When You Feel Abandoned by God
There is a reason why I don’t talk about God very much when I talk about mental illness. I think it’s because I’ve felt its sting myself. On hard days—days where panic rose in surges like a loose wire inside my chest, where I felt as though something inside my head had caved in and all the lights had gone out—I would try to express this struggle, try to ask for help.
My well-meaning fellow believers would not quite understand what it felt like to spend my days holding darkness at bay so that I could get dressed, do my work, go out in public and smile and make meaningless conversation. Often they would hear this side of me, a side they could not quite connect with, the healthy-looking girl in front of them, and they would try to heal an unfamiliar ache with something familiar to them:
But I had done those things, kept doing those things, day in and day out. I searched for new ways and better ways and felt I was doing something wrong, that I was missing something. If I thought and prayed and believed hard enough, something would click and that light in my brain would finally turn back on, all my wires in their rightful place.
It never clicked. Instead, I became angry at God, angry that he would make this so complicated when all I wanted was to feel his presence, to know he hadn’t abandoned me, and this wasn’t my fault. And the more I prayed, the lonelier I felt.
So I stopped.
I felt like God had abandoned me. But I couldn’t say this out loud. It would have been some sort of heresy—like I actually believed God had left me, had rejected me. I think I knew logically that this wasn’t true. But it didn’t stop me from feeling that way.
And I shamed myself for it.
I shouldn’t feel abandoned.
I shouldn’t feel sad.
Because God was enough, wasn’t He?
All around, people were reminding me of the truth: that God loved me, He hadn’t abandoned me, He had made me whole and new and free!
But all this did was make me want to cover my ears and scream. I got so sick of hearing about God’s goodness when it was not my experience. I felt like it was being shoved in my face all the time, that everyone else was blessed and happy and there was just something I wasn’t getting. And that meant the problem was myself, that I was sad because of me, broken because of me, feeling abandoned because of me.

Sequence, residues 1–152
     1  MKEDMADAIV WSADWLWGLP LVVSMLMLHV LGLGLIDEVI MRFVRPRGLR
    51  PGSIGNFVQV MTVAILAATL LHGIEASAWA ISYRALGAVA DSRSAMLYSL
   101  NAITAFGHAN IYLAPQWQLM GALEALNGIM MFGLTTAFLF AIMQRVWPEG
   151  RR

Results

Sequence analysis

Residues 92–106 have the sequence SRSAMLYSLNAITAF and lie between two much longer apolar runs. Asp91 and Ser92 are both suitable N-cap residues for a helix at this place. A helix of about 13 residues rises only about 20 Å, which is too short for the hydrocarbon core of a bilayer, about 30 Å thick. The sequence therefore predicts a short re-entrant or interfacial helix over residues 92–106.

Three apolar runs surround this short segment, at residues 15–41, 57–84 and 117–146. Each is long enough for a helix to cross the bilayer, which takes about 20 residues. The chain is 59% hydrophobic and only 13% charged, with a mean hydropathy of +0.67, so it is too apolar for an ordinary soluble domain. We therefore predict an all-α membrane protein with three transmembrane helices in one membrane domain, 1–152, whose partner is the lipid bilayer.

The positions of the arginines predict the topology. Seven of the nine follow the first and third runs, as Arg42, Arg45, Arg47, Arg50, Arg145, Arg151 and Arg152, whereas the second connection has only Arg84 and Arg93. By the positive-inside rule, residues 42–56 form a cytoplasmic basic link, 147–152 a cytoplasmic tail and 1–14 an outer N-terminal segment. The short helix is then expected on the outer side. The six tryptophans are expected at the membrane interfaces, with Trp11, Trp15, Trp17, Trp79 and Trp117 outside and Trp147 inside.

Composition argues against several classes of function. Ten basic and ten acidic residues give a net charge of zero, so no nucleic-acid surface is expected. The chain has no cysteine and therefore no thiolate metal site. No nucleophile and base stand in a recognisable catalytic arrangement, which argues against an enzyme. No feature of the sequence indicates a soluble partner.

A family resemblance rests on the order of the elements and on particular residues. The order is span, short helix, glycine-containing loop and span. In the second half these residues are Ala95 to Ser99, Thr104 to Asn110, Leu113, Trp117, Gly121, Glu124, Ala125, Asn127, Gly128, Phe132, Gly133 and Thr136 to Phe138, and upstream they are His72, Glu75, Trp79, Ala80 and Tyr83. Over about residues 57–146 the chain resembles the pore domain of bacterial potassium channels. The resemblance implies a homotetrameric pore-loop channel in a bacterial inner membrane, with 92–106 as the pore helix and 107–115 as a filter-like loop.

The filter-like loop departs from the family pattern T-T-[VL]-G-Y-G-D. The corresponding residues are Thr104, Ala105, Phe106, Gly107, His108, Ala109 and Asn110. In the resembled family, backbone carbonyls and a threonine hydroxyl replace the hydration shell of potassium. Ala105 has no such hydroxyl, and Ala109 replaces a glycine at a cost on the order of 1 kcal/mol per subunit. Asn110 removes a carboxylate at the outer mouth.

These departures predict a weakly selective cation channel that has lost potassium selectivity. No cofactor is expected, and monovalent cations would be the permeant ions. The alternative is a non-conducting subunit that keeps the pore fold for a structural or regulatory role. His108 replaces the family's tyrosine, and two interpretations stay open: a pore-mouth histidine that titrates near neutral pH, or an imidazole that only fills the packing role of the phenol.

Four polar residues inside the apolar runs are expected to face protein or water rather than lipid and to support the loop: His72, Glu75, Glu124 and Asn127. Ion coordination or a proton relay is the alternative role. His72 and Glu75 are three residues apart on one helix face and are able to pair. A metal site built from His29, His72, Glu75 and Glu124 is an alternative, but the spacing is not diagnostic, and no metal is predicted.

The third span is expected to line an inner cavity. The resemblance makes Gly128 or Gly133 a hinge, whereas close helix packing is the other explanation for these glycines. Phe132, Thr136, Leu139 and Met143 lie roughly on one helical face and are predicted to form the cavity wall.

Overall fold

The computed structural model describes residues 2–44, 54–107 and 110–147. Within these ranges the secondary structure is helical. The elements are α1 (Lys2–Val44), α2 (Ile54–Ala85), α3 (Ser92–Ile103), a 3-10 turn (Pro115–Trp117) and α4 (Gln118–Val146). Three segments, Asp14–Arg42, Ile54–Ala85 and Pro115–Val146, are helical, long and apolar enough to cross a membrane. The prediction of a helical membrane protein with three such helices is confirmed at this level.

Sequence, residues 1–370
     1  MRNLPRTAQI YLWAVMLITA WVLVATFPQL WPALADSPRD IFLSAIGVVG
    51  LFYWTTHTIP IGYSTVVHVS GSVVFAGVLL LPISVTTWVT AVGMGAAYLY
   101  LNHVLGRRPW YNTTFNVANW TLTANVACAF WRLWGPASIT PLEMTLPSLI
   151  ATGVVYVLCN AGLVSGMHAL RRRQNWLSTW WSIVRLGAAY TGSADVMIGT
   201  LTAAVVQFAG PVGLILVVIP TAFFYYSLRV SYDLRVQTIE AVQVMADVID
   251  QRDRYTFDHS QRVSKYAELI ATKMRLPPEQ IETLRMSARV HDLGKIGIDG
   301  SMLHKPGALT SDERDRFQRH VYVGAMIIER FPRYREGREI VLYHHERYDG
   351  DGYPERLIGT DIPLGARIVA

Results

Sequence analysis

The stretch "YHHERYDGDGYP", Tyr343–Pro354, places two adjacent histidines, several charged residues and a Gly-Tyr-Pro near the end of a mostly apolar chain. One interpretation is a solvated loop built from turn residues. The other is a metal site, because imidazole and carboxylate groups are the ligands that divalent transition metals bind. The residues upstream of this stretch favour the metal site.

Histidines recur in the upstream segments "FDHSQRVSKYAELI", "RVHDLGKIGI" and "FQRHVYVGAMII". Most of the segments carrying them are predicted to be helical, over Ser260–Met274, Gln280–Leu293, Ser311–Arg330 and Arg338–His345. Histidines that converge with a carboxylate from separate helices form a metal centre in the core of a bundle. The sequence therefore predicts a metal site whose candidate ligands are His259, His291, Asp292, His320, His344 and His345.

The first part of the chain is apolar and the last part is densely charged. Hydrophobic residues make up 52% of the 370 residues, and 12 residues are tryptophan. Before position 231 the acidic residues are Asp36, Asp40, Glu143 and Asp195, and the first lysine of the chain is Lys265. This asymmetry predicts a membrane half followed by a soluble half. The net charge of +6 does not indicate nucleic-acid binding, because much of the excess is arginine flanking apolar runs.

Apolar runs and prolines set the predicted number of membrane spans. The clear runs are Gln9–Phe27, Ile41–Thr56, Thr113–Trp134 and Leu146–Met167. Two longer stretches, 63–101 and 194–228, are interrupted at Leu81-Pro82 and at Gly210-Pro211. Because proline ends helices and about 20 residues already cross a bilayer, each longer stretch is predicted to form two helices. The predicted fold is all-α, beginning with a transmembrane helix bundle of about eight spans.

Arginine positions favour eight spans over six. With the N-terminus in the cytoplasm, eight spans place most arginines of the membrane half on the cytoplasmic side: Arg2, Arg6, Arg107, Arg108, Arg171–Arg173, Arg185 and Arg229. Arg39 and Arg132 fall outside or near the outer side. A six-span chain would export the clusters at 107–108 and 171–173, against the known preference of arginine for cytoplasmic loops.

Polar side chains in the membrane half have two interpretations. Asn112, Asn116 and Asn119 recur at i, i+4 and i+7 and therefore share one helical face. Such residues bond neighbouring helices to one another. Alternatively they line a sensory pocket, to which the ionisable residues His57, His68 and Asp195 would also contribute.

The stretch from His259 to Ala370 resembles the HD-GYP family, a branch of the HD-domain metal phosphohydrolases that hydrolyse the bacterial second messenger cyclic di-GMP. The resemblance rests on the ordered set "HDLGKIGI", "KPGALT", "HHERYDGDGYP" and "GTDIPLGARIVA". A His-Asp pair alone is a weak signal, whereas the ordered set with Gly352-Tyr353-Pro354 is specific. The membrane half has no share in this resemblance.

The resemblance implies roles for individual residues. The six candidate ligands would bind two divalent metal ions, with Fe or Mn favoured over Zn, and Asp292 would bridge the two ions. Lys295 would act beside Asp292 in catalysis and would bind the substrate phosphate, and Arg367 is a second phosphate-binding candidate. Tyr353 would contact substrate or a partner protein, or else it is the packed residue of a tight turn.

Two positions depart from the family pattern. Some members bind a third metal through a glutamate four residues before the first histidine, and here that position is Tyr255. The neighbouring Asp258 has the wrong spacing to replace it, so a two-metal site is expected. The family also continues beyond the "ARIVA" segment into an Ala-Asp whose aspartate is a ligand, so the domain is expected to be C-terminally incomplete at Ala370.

And I felt trapped. Because no matter how many escape routes I looked for or how many new strategies I tried, I could not find a way to make the pain stop. And I didn’t have the energy to try anymore.
So I separated myself from these ideas and tried something new. I told myself it was okay to feel abandoned. It was okay to feel angry at God, to not feel the joy of the Lord, to feel as though I might never know the wholeness God has promised me. And I told other people that what they felt was okay, too. That kind of honesty became my ministry. When I was honest about these feelings that felt almost heretical to voice, other people said they felt the same way. That I wasn’t alone. And this created a safe place for us to speak, without shame.
The loneliness disappears as others come alongside us. We learn that the pain is not our fault. And there is freedom in this—in knowing that it’s okay to be broken, okay to be honest, okay to ask for help.
I do not believe that God abandoned me or that He wanted me to feel the way I felt. I do not believe He was the cause of my pain.
And I no longer believe it was my fault, either.
I know that God is taking the brokenness in my life and redeeming it. Though He does not want this pain for me, He creates something beautiful out of it, carving a path for hope and freedom in my life and the lives around me.
So when other people come to me, I do not tell them to have faith—God is doing this for a reason. No. God isn’t doing this. He wants us to have life, and life abundant. Anything less than that is not from Him.
Instead, I tell them that it is okay. It isn’t their fault. They are not alone in feeling this; I have felt this too. And there is help. Be it doctors, therapy, medication—or simply time to pull back from the world and breathe and find your place in your own skin, without shame, without fear—there is help.
Tori Margaret is passionate about writing honestly, loving deeply, and walking with people through their stories. She writes about her struggle with depression, anxiety, and OCD to encourage others that they are not alone and to open the door for real conversations about real suffering. She has written for TWLOHA, a non-profit devoted to supporting people with mental illness. Her latest work on her struggle against fear is a science fiction novella, The Last Valkyrie, which will release in January 2017. You can find more of Tori’s writing at her blog, BoldBrightBeautiful.com, or connect with her in our Writing group.
January 11, 2017
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